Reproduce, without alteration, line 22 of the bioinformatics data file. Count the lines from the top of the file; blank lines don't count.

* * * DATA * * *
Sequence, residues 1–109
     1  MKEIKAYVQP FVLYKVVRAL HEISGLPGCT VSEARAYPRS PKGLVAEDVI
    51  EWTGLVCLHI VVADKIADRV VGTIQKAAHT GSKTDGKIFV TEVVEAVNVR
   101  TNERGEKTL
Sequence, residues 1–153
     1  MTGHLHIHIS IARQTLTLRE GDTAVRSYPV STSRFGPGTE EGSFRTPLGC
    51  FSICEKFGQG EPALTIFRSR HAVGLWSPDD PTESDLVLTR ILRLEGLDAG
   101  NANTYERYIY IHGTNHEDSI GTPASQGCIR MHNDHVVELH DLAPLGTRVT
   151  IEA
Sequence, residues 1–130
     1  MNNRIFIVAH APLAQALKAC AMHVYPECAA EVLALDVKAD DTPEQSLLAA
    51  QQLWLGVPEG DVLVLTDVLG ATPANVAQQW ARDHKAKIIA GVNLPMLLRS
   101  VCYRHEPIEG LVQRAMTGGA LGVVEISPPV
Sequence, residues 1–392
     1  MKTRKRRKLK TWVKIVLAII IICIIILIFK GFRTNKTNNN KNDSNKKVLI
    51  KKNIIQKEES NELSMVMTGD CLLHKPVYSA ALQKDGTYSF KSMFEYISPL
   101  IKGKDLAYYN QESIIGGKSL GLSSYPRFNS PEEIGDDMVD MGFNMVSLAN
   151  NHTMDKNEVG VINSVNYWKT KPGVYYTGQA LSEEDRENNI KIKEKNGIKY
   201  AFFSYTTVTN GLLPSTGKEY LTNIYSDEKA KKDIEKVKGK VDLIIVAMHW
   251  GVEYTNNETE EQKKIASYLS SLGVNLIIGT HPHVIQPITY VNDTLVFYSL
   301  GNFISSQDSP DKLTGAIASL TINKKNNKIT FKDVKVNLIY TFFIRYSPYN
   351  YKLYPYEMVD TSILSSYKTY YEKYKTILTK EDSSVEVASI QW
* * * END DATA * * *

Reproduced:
   351  YKLYPYEMVD TSILSSYKTY YEKYKTILTK EDSSVEVASI QW